Honoring Our Own

Each year, Ballard Spahr honors lawyers and staff for significant pro bono service.

Ballard Spahr donates $1,000 to a charitable organization chosen by each award recipient. These awards are in addition to the $5,000 Leonard E. Lindquist Award, adopted by the firm in 2018 with the mergers of Ballard Spahr and Lindquist & Vennum, and the $25,000 Alan J. Davis Award given by the firm every year in recognition of outstanding public service.

The firm's 2017 honorees are:

Leonard E. Lindquist Award - Advocacy for Individuals in Poverty

  • Victor Copeland – for his advocacy with Homeless Youth Legal Clinic
  • Thomas Lovett – for his advocacy with Youth Link
  • Joshua Natzel – for his advocacy with St. Louis Park Emergency Program (STEP)
  • Matthew Summers - for his advocacy with Homeless Persons Representation Project
  • Emily Vaias – for her advocacy with Shepherd's Table
  • Edward Wegerson – for his advocacy with Mary's Place

First Amendment Protection

  • Media Law/ SPEECH Act (Securing the Protection of our Enduring and Established Constitutional Heritage Act). Ashley Kissinger, with assistance from Michael Berry, Matthew E. Kelley, and Maxwell S. Mishkin, represented a leading digital rights advocacy organization in seeking to enforce the SPEECH Act, a federal statute enacted in 2010 to combat "libel tourism"—the practice of libel plaintiffs suing in foreign jurisdictions where protections are weaker than in the United States. In a precedential opinion issued in November 2017, the federal district court in California declared that an Australian injunction censoring an American advocacy organization is repugnant to U.S. law and public policy and is, therefore, unenforceable. Courts have applied the SPEECH Act in only two other published cases. This case, therefore, provided much-needed precedent in this important area of defamation law.
  • Protection of Speech/Protests. In the aftermath of the violence in Charlottesville, Virginia, the Lawyers' Committee for Civil Rights Under Law requested assistance to provide research and analysis on protection of speech and possible limitations government officials can place on rallies in public places when issuing permits, particularly if protestors are armed or violence is anticipated. Chuck Tobin, with assistance from Scott Humphreys, Matthew Kussmaul, Jeremy Sairsingh, and Lindsey Zionts, compiled a comprehensive report entitled "Hate Rallies, Peaceful Protests, and the First Amendment."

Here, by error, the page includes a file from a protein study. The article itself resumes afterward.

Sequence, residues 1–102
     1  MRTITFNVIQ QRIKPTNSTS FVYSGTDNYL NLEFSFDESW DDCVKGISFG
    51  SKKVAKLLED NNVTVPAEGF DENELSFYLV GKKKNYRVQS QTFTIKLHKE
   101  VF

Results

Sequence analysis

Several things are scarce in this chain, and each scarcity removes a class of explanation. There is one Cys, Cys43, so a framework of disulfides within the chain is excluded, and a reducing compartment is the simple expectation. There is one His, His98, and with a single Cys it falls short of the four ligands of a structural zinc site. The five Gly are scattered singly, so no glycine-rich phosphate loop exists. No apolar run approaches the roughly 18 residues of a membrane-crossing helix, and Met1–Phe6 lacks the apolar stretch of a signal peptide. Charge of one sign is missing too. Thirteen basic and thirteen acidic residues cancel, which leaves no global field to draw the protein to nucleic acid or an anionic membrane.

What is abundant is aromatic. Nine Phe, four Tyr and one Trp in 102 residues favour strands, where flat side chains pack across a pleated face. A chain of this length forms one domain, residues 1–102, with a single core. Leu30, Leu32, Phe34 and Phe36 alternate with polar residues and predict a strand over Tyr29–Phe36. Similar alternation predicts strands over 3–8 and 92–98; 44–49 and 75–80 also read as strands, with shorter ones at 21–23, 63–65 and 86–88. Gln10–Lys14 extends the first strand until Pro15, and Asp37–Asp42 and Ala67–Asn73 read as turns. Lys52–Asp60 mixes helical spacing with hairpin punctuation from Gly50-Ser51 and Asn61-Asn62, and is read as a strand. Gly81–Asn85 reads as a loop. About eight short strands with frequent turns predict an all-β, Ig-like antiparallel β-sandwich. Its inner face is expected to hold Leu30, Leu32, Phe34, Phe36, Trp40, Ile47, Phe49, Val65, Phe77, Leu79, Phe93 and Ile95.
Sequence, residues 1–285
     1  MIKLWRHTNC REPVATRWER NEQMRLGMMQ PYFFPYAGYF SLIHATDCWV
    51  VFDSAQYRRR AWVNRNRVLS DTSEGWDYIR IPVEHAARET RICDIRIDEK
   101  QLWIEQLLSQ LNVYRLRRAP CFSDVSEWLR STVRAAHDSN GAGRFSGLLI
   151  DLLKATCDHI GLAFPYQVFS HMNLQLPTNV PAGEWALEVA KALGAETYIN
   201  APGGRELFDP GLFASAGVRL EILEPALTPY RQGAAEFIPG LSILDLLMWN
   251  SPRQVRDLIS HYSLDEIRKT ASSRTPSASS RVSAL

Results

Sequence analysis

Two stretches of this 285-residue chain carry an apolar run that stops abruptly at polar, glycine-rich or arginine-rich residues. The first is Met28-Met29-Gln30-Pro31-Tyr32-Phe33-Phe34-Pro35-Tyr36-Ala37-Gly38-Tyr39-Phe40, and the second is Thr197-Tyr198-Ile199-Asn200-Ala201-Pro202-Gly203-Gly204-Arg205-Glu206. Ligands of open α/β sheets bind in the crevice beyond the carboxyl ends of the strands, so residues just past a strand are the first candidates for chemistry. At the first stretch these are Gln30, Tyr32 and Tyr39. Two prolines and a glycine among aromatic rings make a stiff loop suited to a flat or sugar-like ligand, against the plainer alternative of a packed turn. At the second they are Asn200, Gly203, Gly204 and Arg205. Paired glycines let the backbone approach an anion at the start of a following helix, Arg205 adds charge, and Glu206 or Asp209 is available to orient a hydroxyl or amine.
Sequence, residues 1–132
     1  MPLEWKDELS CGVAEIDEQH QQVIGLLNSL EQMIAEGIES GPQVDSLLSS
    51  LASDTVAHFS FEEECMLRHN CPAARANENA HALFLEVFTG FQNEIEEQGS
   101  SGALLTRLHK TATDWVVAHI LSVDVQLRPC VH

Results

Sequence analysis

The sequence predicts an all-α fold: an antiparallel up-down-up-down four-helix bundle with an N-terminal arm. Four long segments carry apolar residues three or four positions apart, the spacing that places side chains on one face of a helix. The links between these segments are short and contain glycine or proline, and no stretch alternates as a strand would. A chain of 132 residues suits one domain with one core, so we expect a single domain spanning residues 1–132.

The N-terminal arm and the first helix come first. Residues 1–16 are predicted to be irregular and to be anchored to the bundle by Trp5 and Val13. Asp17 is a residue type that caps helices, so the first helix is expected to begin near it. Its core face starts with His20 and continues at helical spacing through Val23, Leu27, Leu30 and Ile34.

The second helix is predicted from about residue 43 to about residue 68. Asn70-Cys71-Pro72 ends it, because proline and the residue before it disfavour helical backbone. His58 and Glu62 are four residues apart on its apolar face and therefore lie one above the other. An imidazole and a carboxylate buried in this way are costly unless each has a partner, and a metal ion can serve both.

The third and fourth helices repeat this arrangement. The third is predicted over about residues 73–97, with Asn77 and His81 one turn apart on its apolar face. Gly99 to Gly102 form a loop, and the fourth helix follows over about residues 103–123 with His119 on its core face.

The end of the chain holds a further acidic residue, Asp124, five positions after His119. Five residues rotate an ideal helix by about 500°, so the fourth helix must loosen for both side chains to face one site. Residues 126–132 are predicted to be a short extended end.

LGBTQ Rights — Leslie John and Elizabeth Weissert represented a transgender female who sought to change her legal name to comport with her identity. Client's petition was denied based on a seven-year-old non-violent felony conviction. Leslie and Liz appealed the decision to the Superior Court, arguing that the statute allows individuals to seek a name change provided two years have elapsed from the completion of petitioner's sentence, and petitioner is not subject to probation or parole jurisdiction. Oral argument was held in May 2017. In November 2017, the appellate court issued its opinion to vacate and remand to lower court for further proceedings.

Prisoners Civil Rights — In a referral from the USDC's Prisoner Civil Rights Panel, Robert Haimes, Daniel Mullin, and Priya Roy spent two years representing an individual who was stabbed multiple times by another inmate at a federal correction facility. After protracted litigation, with multiple failed attempts by the US Attorney's office to dismiss the case, the parties settled for a five-digit sum. In addition to Rob, Dan, and Priya, the team included Jason Leckerman, and paralegals Keith Garland and Carey Kenny.

In 2017, Ballard Spahr donated more than 43,000 hours of pro bono legal work.

Click here to view the 2016 honorees.

Click here to view the 2015 honorees.

Click here to view the 2014 honorees.

Click here to view the 2013 honorees.

Click here to view the 2012 honorees.

Click here to view the 2011 honorees.

Click here to view the 2010 honorees.

Click here to view the 2009 honorees.